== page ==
Grayson County considering its relationship with TCOG
By Jerrie Whiteley
Grayson County Commissioners aren’t sure whether the value the county gets from the Texoma Council of Governments is enough to keep the county in the organization. Commissioners tabled agenda item Tuesday that called for them to consider renewing the county’s membership in the COG.
Grayson County Judge Bill Magers said it would cost the county about $6,453 to renew its membership. He said that doesn’t sound like a lot when one considers the county’s budget is approximately $50 million, but the county has some concerns with TCOG.
Commissioner Jeff Whitmire sits on the TCOG board and discussed some of the issues. He said he wanted people to understand that there are lots of programs that TCOG runs that are worthwhile, such as those that help people with housing and those that help the elderly. He said he just wants a clearer picture of what the county is actually getting out of its participation with TCOG.
TCOG Executive Director Susan Thomas was not at the meeting Tuesday. However, she said via email Tuesday that TCOG provides plenty of service to the people of Grayson County.
“Every single program at TCOG delivers services in Grayson County,” Thomas said. “For our planning and development services/programs — e.g. criminal justice, homeland security, etc. — the customers (direct beneficiaries) are generally the member jurisdictions. For our aging and client services, the customers are the citizens of the county. Although a good argument can be made that as we build quality of life for individual residents, the institution of the county indirectly benefits as well.”
Whitmire said the purpose for a COG is “for member entity governments to be able to work together to try to eliminate duplication of effort, and to try to make things a little more cost efficient to the member entities or to allow them access to something that they otherwise might not have. He said it “is no secret that over the years,” the county’s relationship with TCOG has been strained regardless of who has been the county’s representative.
“The governing board’s assigned responsibility is to decide what that organization does, what their priorities are and what their direction is,” Whitmire said. “The council of governments is supposed to work for the member entities, not the other way around.”
He said somewhere along the line, it has grown into a large organization, and he is not sure the member entities are still the primary focus at TCOG.
For its involvement with the COG, he said the county gets a share of a homeland security grant for about $52,000 and a criminal justice grant for about $34,000, both of which come from the Governor’s Office. He said TCOG also disperses 911 fees to the county.
“I don’t know if we have access to the governor’s grants of criminal justice or the homeland security if we have access to those direct as the two largest cities are able to get those direct themselves,” he said.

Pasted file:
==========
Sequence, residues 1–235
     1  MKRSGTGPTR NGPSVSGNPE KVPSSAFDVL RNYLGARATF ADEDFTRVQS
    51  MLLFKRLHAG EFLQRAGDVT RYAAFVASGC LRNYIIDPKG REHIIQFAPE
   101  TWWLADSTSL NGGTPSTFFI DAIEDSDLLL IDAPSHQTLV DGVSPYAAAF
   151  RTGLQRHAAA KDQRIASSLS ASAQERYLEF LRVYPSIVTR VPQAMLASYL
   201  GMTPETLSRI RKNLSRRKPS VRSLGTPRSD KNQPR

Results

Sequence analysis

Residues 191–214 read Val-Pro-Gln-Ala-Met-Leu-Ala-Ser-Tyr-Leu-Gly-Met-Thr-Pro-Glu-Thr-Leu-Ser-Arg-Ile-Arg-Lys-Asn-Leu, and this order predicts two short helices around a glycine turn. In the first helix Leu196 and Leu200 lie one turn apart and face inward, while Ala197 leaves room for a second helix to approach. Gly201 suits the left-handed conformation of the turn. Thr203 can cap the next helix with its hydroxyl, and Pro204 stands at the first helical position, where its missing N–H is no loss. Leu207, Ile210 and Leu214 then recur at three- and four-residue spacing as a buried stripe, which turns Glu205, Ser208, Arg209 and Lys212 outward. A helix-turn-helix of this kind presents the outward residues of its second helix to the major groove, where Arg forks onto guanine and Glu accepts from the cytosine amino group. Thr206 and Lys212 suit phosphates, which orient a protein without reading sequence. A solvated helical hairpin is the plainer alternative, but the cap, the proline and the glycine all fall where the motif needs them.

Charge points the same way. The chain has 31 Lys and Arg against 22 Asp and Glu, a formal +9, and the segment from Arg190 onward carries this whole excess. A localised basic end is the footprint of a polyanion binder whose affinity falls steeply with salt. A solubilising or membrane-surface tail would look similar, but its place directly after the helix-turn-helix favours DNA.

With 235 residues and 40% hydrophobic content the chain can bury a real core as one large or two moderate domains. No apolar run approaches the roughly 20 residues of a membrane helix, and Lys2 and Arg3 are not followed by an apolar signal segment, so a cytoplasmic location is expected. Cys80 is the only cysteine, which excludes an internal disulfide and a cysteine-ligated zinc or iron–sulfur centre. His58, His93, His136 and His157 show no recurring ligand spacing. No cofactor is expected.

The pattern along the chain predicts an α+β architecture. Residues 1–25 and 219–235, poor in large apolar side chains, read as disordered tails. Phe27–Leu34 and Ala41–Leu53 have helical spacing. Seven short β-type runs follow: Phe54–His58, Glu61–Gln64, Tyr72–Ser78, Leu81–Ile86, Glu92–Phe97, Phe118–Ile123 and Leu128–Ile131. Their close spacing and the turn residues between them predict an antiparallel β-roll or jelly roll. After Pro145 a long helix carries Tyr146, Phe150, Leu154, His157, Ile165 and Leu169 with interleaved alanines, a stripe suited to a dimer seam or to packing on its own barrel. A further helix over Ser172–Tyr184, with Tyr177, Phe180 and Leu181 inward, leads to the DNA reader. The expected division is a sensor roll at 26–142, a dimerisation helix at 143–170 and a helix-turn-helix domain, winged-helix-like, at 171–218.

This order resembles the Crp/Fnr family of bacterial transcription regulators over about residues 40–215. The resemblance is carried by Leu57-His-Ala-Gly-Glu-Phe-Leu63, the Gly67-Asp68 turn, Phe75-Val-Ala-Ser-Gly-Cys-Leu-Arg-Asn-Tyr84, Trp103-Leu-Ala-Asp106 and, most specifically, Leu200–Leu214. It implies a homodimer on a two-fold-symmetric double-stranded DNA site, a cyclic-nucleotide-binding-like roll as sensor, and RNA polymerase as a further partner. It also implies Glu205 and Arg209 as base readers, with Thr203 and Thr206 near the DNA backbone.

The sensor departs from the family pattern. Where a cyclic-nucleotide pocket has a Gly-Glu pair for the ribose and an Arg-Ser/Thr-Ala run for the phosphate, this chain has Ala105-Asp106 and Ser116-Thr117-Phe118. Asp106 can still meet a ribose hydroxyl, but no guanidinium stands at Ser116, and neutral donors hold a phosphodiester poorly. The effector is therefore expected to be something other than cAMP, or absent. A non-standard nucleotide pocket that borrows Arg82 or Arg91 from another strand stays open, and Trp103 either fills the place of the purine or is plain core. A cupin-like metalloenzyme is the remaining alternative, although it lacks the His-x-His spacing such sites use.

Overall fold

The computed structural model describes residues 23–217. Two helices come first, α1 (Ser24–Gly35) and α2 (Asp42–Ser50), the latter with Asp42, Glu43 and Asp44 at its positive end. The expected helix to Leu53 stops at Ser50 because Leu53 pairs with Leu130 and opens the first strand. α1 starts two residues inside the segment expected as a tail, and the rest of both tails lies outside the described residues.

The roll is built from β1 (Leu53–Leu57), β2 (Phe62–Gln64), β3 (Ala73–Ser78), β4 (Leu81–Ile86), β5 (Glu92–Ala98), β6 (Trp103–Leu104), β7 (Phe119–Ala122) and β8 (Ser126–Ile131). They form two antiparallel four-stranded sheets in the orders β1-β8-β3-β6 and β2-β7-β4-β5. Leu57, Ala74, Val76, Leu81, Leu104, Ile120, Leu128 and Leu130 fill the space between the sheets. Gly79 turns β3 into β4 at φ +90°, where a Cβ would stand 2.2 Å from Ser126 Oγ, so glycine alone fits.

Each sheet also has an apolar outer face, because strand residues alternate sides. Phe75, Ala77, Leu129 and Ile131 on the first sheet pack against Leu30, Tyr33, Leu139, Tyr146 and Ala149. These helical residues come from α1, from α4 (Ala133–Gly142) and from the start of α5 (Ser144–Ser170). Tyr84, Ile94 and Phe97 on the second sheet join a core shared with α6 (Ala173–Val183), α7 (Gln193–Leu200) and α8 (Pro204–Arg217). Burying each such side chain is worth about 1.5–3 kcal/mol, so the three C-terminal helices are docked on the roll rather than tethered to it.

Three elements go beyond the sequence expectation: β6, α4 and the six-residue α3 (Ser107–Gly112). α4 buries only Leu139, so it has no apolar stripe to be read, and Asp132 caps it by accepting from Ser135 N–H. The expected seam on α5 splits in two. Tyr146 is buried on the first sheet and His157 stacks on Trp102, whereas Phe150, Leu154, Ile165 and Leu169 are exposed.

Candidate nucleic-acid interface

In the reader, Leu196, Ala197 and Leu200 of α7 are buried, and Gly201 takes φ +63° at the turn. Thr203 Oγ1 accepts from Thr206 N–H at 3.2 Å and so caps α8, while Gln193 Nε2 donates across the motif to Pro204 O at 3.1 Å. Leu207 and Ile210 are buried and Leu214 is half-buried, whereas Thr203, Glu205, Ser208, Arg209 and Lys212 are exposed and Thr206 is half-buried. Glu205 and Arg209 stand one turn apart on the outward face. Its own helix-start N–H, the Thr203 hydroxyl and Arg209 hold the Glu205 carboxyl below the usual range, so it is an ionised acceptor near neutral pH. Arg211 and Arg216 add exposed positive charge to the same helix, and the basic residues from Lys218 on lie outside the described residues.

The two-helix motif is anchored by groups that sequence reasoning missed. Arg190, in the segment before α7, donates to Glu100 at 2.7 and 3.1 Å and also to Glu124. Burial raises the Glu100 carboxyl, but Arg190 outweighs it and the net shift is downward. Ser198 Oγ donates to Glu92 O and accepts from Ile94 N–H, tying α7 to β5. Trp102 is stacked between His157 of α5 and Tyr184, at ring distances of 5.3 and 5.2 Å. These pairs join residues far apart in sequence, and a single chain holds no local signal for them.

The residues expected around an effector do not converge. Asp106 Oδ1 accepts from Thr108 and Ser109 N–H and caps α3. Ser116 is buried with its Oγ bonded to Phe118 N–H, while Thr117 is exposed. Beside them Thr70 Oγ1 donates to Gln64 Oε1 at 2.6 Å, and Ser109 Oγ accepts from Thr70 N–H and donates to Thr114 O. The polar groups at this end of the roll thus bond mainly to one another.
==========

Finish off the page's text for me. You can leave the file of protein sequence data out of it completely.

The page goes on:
He said there are things that the county does not know about how leaving the COG might affect funding for some programs.
The county does know, he said, that when previous Grayson County Judge Drue Bynum tried to separate the county’s 911 funding from TCOG, there were some state requirements that kept that from being possible. He said that is the case even though Sherman and Denison each get direct funding.
“So the COG gets to set the allocation,” Whitmire said.
He said he doesn’t know how much of the 911 fees generated in this area are returned to Grayson County and how the county might get that money without the COG.
“It is a volunteer organization, so we can drop out,” Whitmire said.
He said he thinks the county needs answers to questions before it can make a decision.
Commissioner Phyllis James sat on the TCOG board before Whitmire.
“The indirect costs that go to pay the employees and the director, who increased her salary drastically last year, takes away from funds that could benefit the citizens of Grayson County,” James said.
She said she voted against many of the decisions that were made while she sat on the board.
“I was not real pleased with the fact that a lot of the money that comes from the state is actually just paying salaries (for people at TCOG) and doesn’t go to the people who need it the most,” she said.
Commissioner Bart Lawrence has also served on the board previously, said he just wanted to “say a hearty Amen” to the statements by James and Whitmire.
Magers said it might turn out that after some investigation, the county learns that it gets more than anyone ever suspected from the COG. But he said he thinks the questions from the commissioners warrant a closer look by the county before it renews its membership. He did not set a timetable for that decision to be made.